Now that we have completed our look at the Pittsburgh Steelers’ 90-man roster heading into training camp a bit under a month from now, it’s time to take a look back at the team’s 53-man roster from last year’s regular season, for the purpose of revisiting the contributions of the players that are no longer with the team, and whether or not those contributions have been adequately replaced.
Roster turnover is just a natural fact of today’s NFL, which have only become more prominent since the advent of free agency more than two decades ago. It’s very rare for a team to return all 11 starters on one side of the ball from one year to the next, let alone to do so for both the offense and defense.
The Steelers are certainly no exception to that rule, and they figure to have a number of lineup changes from 2015 to 2016, which seems to be increasingly common for them in recent years.
I can imagine there are few who would really consider him ‘missing’, or that anybody misses seeing him in a Steelers uniform, but quarterback Mike Vick, who started three games last season, is yet another player from the team’s roster last season who played a meaningful role and is now absent heading into 2016.
A former first-overall draft selection, Vick, in his mid-30s, is certainly a long way from what he once was, which is why he was available to be signed in August when the Steelers came calling. It had become necessary to find a quarterback when the team’s backup, Bruce Gradkowski, suffered thumb and shoulder injuries that landed him on injured reserve and finished off his season in the preseason.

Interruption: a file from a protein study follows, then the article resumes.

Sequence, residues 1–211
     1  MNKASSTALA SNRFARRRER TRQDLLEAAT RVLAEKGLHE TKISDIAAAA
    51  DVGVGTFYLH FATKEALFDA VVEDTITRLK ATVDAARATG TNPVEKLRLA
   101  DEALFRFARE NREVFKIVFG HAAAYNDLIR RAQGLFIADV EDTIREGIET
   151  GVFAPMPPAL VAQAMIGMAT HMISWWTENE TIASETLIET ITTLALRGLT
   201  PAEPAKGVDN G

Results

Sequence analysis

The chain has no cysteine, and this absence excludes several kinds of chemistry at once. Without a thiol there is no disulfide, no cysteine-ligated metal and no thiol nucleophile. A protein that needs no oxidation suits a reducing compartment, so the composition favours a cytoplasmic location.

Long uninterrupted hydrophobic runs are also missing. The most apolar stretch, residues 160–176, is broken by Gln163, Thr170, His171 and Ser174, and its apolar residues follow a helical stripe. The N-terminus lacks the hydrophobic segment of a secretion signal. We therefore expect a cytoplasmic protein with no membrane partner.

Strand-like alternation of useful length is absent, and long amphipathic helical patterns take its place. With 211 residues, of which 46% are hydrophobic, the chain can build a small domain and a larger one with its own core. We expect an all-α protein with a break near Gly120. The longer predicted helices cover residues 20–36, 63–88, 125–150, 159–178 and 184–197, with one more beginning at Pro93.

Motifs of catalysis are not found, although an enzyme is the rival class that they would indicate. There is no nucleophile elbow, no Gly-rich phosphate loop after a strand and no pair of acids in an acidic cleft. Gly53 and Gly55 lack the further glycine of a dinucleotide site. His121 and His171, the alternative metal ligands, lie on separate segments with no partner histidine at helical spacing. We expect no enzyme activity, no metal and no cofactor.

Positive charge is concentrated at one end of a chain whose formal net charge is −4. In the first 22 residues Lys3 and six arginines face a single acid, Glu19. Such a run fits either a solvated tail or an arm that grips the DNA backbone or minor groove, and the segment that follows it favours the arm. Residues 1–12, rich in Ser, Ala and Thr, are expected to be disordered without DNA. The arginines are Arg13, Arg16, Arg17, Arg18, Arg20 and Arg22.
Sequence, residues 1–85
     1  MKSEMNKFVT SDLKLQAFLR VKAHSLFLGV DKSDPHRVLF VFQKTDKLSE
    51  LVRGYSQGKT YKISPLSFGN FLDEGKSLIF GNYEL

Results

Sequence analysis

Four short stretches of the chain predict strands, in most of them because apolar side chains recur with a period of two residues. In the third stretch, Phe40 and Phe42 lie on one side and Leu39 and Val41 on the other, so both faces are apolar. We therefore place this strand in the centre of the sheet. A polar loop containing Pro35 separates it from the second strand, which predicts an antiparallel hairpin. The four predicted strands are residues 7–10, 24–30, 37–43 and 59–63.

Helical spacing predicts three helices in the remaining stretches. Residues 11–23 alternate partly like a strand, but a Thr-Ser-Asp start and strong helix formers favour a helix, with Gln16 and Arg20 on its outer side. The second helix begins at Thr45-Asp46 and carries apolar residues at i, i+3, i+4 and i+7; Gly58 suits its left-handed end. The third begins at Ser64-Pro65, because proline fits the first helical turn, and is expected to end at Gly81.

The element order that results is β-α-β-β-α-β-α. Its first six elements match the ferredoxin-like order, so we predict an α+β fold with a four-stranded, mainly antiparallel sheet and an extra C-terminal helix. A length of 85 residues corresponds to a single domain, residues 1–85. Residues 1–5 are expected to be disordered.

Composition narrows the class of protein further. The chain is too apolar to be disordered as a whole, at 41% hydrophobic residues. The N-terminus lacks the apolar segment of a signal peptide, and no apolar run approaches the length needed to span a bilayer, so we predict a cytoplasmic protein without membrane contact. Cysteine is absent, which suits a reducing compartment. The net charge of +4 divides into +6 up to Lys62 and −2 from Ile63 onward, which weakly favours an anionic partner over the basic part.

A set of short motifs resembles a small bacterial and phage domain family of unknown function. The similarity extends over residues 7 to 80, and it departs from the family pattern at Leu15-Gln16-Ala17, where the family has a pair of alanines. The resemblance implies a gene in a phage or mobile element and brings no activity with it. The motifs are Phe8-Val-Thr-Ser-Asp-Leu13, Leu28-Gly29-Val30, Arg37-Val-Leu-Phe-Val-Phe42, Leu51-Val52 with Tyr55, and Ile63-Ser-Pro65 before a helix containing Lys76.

Vick was installed as the backup, but he was likely called into action far earlier than he was prepared for. Having only had a couple of preseason games under his belt, Ben Roethlisberger went down in the third game of the season, and suddenly was trying to take command of an offense with elite potential and only a month or so into the playbook.
The left-handed slinger often, frankly, looked out of place running the offense, and his judgement was off. While he had a high completion percentage, that was the product of taking on short passes that failed to convert more than a few yards—balls that should never have been thrown.
A number of his incompletions could have been intercepted, but instead he had just one, on a hail mary. By far his best experience in the lineup came against the Chargers. He hit Markus Wheaton on a 70-plus-yard stop-and-go score, and scrambled for a nice gain on a game-winning drive.
He was dreadful, however, in the game in which he suffered a hamstring injury and never played again. By halftime, he had less than 10 yards passing, if memory serves. Landry Jones produced a comeback victory replacing him and maintained the backup position from that point on. Gradkowski was re-signed in the offseason and he and Jones will constitute the team’s backup quarterbacks, no matter the pecking order, as they had been meant to for the past three years.